It’s time for another “How To” blog today. This time we’re looking at one of the most common household maintenance jobs – removing old guttering.
Keeping your guttering well maintained is really important. Leaves, dirt and debris that has run down your roof and into your gutter can lead to build ups and blockages in the system, which if not prevented can lead to big problems. Other signs that indicate your guttering needs replacing include the following:
- Cracks and splits – no matter how small they are
- Paint peeling on or around your gutters
- Pools of water or mildew near the foundation
- Water damage / water marks beneath the gutters
- Sagging gutters
Over time, gutters age and wear and tear will happen. At some point it will need replacing – but this DIY job is not quite as hard as it sounds…
Foolproof guide to removing guttering
You don’t want further damage to occur when removing guttering, so make sure the fascia board stays secure by hammering some large nails under the section of guttering that is going to be removed. This should keep everything in place and make the whole process of removing guttering a fairly painless job. When you’ve finished the job, you’ll also need to remember to repair the fascia board and remove any nails / fill any holes.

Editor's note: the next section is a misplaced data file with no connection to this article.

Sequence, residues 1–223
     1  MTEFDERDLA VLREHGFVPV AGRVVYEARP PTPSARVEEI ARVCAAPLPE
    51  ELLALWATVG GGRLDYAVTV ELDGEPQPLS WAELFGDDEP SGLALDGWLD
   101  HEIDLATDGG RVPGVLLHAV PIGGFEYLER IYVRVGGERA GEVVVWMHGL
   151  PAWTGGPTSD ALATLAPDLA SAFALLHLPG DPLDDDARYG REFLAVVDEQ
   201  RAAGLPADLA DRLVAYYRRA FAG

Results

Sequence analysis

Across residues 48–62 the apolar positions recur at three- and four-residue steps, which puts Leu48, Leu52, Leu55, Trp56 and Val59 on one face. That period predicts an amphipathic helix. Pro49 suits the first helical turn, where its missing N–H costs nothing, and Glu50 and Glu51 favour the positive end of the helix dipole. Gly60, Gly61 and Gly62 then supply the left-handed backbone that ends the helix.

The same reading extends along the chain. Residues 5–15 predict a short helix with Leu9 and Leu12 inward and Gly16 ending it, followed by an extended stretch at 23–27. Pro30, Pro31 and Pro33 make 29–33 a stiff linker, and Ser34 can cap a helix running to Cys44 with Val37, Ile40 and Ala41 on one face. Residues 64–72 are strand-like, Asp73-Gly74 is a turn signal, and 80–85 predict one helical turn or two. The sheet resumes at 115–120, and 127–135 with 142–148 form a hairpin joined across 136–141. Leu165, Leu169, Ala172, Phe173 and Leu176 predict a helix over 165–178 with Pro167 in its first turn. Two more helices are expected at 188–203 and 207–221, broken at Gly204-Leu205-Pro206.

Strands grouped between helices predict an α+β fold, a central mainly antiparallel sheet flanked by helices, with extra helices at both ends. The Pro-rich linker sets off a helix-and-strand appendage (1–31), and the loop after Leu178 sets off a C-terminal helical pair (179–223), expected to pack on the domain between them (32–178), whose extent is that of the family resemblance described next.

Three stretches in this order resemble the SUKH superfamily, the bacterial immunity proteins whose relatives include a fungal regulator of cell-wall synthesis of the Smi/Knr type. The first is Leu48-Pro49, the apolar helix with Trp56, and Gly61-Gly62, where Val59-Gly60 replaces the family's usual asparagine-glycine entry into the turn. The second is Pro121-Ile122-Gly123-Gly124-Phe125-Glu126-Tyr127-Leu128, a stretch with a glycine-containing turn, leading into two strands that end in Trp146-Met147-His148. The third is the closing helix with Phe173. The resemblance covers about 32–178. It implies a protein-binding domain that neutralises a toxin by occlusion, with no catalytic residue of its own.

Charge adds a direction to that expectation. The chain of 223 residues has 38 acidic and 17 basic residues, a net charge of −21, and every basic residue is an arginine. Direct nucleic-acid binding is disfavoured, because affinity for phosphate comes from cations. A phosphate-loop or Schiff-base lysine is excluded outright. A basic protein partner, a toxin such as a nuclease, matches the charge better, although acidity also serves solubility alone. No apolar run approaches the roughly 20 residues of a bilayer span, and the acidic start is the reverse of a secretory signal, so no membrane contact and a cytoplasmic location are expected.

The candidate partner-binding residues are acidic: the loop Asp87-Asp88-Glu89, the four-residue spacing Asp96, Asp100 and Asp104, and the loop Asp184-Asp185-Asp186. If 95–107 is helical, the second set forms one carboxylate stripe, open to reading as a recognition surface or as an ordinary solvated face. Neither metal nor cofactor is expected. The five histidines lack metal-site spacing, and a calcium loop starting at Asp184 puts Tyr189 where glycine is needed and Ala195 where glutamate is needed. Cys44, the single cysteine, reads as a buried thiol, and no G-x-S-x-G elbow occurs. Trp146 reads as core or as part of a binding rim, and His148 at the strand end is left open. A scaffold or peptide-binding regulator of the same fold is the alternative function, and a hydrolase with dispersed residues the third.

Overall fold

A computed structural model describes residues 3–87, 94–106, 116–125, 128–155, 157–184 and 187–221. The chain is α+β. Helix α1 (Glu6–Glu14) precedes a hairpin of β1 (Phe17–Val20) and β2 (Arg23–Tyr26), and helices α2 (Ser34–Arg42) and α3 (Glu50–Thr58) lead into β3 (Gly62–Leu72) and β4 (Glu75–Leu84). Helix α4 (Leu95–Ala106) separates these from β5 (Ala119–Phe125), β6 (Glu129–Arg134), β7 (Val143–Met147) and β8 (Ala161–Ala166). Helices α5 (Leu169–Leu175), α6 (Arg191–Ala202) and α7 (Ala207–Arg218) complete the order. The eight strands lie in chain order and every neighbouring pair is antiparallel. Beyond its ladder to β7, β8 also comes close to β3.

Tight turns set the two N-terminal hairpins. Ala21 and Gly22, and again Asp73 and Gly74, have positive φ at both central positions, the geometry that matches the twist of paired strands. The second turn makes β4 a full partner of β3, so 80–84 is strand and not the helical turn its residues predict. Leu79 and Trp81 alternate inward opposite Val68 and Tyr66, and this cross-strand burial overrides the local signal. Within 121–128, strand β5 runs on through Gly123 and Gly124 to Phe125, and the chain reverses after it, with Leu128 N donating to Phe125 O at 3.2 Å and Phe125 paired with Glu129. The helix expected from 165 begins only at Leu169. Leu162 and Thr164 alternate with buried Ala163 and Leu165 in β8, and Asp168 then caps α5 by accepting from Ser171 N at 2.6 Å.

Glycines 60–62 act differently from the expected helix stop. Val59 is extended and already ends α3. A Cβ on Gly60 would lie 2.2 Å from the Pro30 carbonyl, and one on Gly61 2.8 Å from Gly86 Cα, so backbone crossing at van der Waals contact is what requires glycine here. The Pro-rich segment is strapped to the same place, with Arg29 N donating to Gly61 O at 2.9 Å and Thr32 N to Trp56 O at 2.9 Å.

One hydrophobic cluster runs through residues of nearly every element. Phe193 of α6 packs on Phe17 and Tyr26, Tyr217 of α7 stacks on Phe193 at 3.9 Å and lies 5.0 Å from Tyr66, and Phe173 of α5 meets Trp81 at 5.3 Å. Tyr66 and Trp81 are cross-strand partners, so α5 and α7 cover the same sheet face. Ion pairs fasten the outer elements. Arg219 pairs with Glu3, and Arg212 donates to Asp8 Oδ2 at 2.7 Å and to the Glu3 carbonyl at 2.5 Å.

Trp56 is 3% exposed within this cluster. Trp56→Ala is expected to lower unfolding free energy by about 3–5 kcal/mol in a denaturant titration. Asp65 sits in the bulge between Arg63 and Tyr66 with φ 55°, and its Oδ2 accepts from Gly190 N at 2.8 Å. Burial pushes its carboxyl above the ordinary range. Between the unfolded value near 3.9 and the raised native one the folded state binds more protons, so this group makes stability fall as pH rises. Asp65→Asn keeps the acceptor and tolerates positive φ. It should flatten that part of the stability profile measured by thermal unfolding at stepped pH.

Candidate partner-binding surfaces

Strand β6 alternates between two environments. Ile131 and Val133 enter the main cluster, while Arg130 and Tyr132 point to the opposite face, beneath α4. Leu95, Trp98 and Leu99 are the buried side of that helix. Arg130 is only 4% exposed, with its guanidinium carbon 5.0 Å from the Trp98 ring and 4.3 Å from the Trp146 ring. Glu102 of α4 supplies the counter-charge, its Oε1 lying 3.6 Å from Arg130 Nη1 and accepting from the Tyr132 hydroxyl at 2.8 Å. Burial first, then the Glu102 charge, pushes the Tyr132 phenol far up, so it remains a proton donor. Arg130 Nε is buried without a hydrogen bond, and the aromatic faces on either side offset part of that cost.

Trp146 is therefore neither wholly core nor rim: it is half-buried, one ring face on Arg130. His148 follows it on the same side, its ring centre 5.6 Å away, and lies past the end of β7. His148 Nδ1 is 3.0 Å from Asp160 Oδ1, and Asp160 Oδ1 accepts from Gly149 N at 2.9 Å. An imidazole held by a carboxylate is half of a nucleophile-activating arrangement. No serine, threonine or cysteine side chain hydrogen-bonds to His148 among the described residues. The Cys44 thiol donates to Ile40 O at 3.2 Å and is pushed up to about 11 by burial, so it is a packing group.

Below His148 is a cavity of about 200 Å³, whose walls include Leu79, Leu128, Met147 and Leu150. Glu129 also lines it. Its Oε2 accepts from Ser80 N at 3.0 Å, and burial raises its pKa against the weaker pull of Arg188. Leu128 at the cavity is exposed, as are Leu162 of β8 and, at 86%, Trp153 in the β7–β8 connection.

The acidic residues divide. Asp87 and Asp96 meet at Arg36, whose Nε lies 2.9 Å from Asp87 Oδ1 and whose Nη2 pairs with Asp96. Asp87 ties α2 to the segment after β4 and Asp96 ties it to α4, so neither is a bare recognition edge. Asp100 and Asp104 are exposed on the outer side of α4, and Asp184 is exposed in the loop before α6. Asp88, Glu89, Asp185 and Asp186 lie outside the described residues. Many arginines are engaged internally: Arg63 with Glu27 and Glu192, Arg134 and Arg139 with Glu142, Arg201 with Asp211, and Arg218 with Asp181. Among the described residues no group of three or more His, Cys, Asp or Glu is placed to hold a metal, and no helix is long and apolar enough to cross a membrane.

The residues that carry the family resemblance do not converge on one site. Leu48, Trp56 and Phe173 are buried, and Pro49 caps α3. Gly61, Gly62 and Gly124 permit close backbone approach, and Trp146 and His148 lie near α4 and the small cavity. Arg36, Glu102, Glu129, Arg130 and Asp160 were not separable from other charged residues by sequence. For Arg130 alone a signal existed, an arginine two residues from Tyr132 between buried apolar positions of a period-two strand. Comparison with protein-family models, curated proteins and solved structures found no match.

Using a hacksaw (and wearing the appropriate PPE!) cut through the bolts that join together the sections of gutter. Once you’ve done this, the bolts can be tapped out and removed with a nail punch and hammer.
Harness the guttering you want to remove by tying a rope around each of the sections you are planning to take out. Break apart the gutter joint and unscrew the brackets that are holding this section of guttering to the fascia.
Using the ropes you set up in step three, carefully lower the section of gutter to the ground. Repeat this process to remove all the sections and then take off the downpipes one at a time. Once you’ve done this, you’ll also need to remove the pipe nails – using pincers or a crowbar.
Throughout this process, keep health and safety in mind. If you’re using a ladder, make sure it’s on firm, flat ground and in good working condition. Don’t be afraid to get the help of a friend, family member or colleague either. Ideally someone should be holding the ladder for you. You can also help yourself by maintaining a balanced centre of gravity inside the rungs and making sure at least three rungs are overlapping if using an extension ladder.
Why not read our post on How To: Use a ladder correctly here? We’ve got lots of other tips and advice too, from choosing the best ladder accessories to completing DIY jobs around the home!